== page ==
The value of the average deflection is not necessarily in accordance with the expansion of the jet in the plane of the figure. This expansion which is systematically produced is modified by the presence of the deflector. In the case considered, a slightly smaller expansion is observed for the longest deflector (lV).
The expansion of the jet in the present case nevertheless remains limited; and at the highest point, the angle of the jet and the blast ∠JB is on the order of 57°.
This example uses the same conditions as those of Example 1 concerning the attenuable material and the characteristics of the jets and the blast.
However, the apparatus used in Example 2 is that of FIGS. 5 and 5a. The placements and dimensions are the same as above, with the exception of the values relative to the jet, which are different because of the presence of the Coanda rod in the deflection and jet modification means. The values are as follows:
______________________________________xBF 18 mm dJ 1.5 mmzBF 8 mm zJV 2.5 mmxFV 2 mm <JV 45°zFV 1.5 mm dC 6 mm<S 5° xCV 2.5 mm zCV 2.5 mm lV = 1 × dJ = 1.5 mm______________________________________
The fibers obtained under these conditions have a micron size on the order of 4 sub 5 g, and an average diameter of 5μ.
The average deflection of the jet with regard to its initial direction is about 74°. This total deflection is, therefore, clearly more significant than with the deflector alone, as in Example 1, although the deflector is shorter (1 dJ instead of 2 dJ).
Even with this great deflection, the jet penetrates the blast well, and the angle ∠JB of the jet and the blast at the highest point is no more than 33°, which considerably decreases the risk of disturbance caused by rejection currents.
This arrangement is also somewhat more advantageous from the point of view of the energy yield per unit of weight of fiber produced.
The results obtained in the framework of the two preceding examples are comparable with those obtained by the prior toration processes effected with a "horizontal" arrangement, if only the fiber produced is considered. When compared to these previous processes, as has already been pointed out, the advantages of the invention are of another nature. They concern in particular the gain of space along the fiberizing path; and, consequently, the possibility of either increasing the number of fiberizing stations in a given length, or of decreasing the length for the same number of stations.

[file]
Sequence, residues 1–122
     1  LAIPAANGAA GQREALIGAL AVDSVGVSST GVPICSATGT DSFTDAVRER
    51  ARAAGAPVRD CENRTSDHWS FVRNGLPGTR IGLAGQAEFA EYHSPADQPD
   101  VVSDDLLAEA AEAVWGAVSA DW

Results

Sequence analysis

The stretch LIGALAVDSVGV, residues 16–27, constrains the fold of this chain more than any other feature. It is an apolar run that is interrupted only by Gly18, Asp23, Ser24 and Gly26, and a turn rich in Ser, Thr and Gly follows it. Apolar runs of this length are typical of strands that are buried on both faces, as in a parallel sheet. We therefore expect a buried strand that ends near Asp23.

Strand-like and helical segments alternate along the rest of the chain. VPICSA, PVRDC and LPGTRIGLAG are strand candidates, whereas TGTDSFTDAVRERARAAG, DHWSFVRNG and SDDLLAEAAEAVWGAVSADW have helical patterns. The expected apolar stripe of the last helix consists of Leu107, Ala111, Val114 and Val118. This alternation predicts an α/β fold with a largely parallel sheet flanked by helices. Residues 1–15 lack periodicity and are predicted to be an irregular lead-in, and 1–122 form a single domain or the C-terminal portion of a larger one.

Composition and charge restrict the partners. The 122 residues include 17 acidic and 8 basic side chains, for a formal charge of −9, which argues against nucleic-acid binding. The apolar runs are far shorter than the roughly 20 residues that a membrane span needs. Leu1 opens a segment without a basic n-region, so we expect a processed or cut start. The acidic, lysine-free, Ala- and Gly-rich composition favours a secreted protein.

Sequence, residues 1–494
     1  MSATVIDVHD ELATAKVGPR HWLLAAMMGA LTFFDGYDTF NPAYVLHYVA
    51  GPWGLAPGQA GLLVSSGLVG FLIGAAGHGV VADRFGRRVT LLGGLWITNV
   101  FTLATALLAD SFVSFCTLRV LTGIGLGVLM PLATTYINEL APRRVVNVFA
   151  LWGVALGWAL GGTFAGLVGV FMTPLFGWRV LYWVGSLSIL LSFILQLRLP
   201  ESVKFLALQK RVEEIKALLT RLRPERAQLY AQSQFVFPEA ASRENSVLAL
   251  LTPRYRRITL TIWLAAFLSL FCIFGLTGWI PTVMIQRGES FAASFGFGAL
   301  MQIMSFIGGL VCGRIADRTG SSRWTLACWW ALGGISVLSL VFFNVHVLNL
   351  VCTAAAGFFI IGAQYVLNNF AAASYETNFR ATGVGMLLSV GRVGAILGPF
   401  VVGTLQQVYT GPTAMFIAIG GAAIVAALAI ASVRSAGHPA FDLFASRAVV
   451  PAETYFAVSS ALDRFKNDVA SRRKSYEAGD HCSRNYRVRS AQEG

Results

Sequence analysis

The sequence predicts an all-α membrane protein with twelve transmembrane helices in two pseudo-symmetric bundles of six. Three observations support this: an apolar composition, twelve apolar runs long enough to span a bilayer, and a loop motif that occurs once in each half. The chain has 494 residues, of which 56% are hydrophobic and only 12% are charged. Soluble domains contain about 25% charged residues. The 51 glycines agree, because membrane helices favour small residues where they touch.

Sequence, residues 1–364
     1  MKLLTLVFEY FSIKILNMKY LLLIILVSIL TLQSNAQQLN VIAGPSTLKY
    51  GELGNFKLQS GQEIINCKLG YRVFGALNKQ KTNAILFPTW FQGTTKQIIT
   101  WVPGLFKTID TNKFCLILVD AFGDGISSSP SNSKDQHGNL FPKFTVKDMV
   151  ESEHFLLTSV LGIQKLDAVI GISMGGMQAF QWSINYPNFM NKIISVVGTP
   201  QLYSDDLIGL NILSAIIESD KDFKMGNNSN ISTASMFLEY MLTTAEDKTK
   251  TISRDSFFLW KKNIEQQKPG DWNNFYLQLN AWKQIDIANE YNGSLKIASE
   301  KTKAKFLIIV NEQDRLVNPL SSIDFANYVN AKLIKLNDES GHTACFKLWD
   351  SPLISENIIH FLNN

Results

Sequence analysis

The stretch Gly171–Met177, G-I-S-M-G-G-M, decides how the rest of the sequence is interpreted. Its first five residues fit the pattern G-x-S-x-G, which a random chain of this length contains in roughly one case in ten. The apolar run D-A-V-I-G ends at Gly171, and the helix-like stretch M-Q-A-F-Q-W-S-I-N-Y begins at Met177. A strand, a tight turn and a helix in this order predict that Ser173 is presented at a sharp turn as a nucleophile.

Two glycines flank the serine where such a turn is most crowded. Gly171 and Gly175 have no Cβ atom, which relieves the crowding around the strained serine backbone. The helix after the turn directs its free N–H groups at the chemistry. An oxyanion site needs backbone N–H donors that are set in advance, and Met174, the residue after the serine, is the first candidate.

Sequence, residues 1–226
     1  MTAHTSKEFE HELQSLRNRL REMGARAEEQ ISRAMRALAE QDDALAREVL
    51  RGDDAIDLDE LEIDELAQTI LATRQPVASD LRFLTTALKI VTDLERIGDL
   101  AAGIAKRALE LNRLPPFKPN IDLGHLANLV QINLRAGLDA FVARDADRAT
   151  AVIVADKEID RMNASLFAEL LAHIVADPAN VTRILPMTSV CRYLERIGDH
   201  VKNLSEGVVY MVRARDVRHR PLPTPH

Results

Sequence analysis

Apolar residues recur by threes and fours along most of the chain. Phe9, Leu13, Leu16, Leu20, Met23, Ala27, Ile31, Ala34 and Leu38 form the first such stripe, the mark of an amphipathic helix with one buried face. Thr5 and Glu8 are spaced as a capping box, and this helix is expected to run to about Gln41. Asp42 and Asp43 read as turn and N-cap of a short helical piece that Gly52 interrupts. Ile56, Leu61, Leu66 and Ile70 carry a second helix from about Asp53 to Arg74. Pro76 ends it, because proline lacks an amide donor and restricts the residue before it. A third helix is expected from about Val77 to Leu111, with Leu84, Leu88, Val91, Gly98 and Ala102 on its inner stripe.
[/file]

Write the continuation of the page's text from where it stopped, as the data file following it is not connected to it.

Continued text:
As compared with toration type arrangements with "horizontal" blasts, the gain of space is between about 50 and 70%.
This reduction occurs in the dimensions of the receiving chamber, in the amount of air ventilated, etc., and in summary, by the more economic operating conditions.
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|US4145203 *||Sep 19, 1977||Mar 20, 1979||Saint-Gobain Industries||Apparatus for forming fibers from attenuable material|
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|Citing Patent||Filing date||Publication date||Applicant||Title|
|US4818218 *||Dec 23, 1986||Apr 4, 1989||Isover Saint-Gobain||Internal combustion burners|
|US4927346 *||May 2, 1989||May 22, 1990||Nordson Corporation||Apparatus for depositing particulate material into a pad of fibrous material in a forming chamber|
|US5017324 *||Jan 19, 1990||May 21, 1991||Nordson Corporation||Method for depositing particulate material into a pad of fibrous material in a forming chamber|
|US5104432 *||May 16, 1990||Apr 14, 1992||Manville Corporation||Process for fiberizing molten glass or refractory oxide materials|
|US5143680 *||May 17, 1990||Sep 1, 1992||Nordson Corporation||Method and apparatus for depositing moisture-absorbent and thermoplastic material in a substrate|
|U.S. Classification||65/467, 264/12, 65/526, 425/7|
|International Classification||D04H1/4218, D04H1/4226, D04H1/736, D04H1/70, D04H1/732, D01D5/12, D01D5/14, C03B37/06|
|Cooperative Classification||D04H1/4218, D04H1/4226, D04H1/736, C03B37/06, D04H1/732|
|European Classification||D04H1/4226, D04H1/736, D04H1/732, D04H1/4218, D04H1/70, C03B37/06|
|Mar 16, 1981||AS||Assignment|
Owner name: ISOVER SAINT-GOBAIN, 62, BOULEVARD VICTOR-HUGO, 92
Free format text: ASSIGNMENT OF ASSIGNORS INTEREST.;ASSIGNORS:PLANTARD DOMINIQUE;LANGLAIS GERARD;FOURNIER RENE;REEL/FRAME:003875/0502
Effective date: 19810226
|May 1, 1986||REMI||Maintenance fee reminder mailed|
|Sep 28, 1986||LAPS||Lapse for failure to pay maintenance fees|
|Dec 16, 1986||FP||Expired due to failure to pay maintenance fee|
Effective date: 19860928